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Raptors look to break even against the Jazz: Preview, start time, and more

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A win over Utah Jazz would give Toronto a 3-3 record for their big road trip out west.

NBA: Utah Jazz at Toronto Raptors Dan Hamilton-USA TODAY Sports

The Toronto Raptors began their season-high 6-game road drip with valiant efforts in defeats to the San Antonio Spurs and Golden State Warriors.

Toronto proved once again that their fully capable of competing against the league’s heavyweights holding leads in the fourth quarter on both occasions but unable to seal the deal.

Since then, the team rebounded with wins against the Los Angeles Lakers and Portland Trail Blazers before an embarrassing performance on Wednesday night against the Denver Nuggets.

But if there’s a silver lining, it’s that the Raptors can return home with a 5-3 overall record (3-3 on their road trip) with a win over the Utah Jazz and knowing that one of the tougher sections of their entire schedule is done and over with.

Here are all the details and three things to watch out for in tonight’s game:

Where to Watch:

Sportsnet One at 9:00 pm


Raptors: Kyle Lowry, DeMar DeRozan, Norman Powell, Serge Ibaka, Jonas Valanciunas

Jazz: Ricky Rubio, Rodney Hood, Joe Ingles, Derrick Favors, Rudy Gobert


Raptors: None

Jazz: Joe Johnson, Raul Neto, Danté Exum


Quick Start

One of the more troubling trends during the Raptors’ six-game road trip has been their inability to get off to a quick start. Time and time again, Toronto has played with fire allowing opponents during this stretch to score 27.8 points per first quarter, including a season-high 34 against Denver.

The team cannot simply afford to put themselves behind the eight ball as they did against the Nuggets where the game was all but over after the game’s first 12 minutes.

We know the Raptors can play solid defence — they limited the Trail Blazers to just six in the second quarter and are ranked 11th with 102.6 allowed per game.

It’s just a matter of bringing that intensity from the get-go.

Stingy Defence

Speaking of defence, there are few better than the Jazz who allow just 94.4 per contest (second-lowest in the NBA) while opponents shoot 43.2 percent from the field overall (sixth-lowest in NBA).

Collectively as a unit, they don’t foul much either forcing their opponents to make shots rather than gift easy points from the charity stripe.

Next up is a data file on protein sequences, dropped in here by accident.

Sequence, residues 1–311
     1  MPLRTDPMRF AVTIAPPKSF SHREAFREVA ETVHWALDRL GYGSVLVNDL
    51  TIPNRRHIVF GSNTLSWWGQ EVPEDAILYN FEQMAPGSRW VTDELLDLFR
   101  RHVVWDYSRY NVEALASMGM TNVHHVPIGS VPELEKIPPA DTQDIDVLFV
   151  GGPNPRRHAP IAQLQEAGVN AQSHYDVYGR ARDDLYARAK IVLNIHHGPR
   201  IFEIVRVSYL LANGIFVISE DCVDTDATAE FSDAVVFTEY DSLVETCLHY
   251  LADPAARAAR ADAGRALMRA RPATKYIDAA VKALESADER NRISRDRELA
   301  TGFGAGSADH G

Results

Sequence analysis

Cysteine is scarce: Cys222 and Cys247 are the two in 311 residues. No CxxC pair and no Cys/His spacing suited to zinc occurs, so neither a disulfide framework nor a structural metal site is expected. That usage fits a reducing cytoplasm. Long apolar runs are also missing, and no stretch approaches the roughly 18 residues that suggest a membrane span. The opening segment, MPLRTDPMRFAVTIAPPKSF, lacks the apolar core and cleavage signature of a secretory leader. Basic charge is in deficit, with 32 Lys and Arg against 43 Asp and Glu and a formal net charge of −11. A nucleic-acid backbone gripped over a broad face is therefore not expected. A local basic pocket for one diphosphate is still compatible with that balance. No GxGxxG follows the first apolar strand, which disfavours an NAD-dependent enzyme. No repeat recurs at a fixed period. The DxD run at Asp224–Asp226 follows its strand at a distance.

Opposing teams are averaging just 18.1 free throw attempts per game, a credit to their towering bigs — Rudy Gobert and Derrick Favors — and solid perimeter defenders like veteran Thabo Sefolosha.

In the absence of Raptor killer Joe Johnson, Sefolosha has seen an increase in playing time and will likely be tasked with defending DeMar DeRozan down the stretch.

The Raptors guard continues to feast at the free throw line averaging 8.4 attempts per game but should be in tough to find the same amount of success against the Jazz.

Stormin’ Norman?

After putting in 15 points on opening night, Norman Powell has struggled to find his rhythm. Taking away his first game, the former UCLA Bruin has shot an abysmal 26.9 percent from the field, including 2-of-12 from downtown.

Prior to the season, the Raptors rewarded Powell with a four-year $42 million US contract extension betting on the third-year pro to take the next step in his development.

If the Raptors’ new commitment to three-point shooting is going to work, more of those looks need to fall and Powell is one of the players needing to be more efficient from beyond the arc.

His troubles on the perimeter seem to have carried over into Powell’s biggest strength — attacking through the lane — which is arguably just as crucial as it opens up better looks for his teammates from long distance.

Of Powell’s 51 field goal attempts, 23 have been three-point attempts and as a result, we’ve seen less of the explosive side of Powell.

Wednesday’s game featured some of the old Powell as he made all five shot attempts in the paint.

Perhaps Powell can use this as a building block and re-establishing his aggression in the paint could in turn lead to more confidence shooting the ball.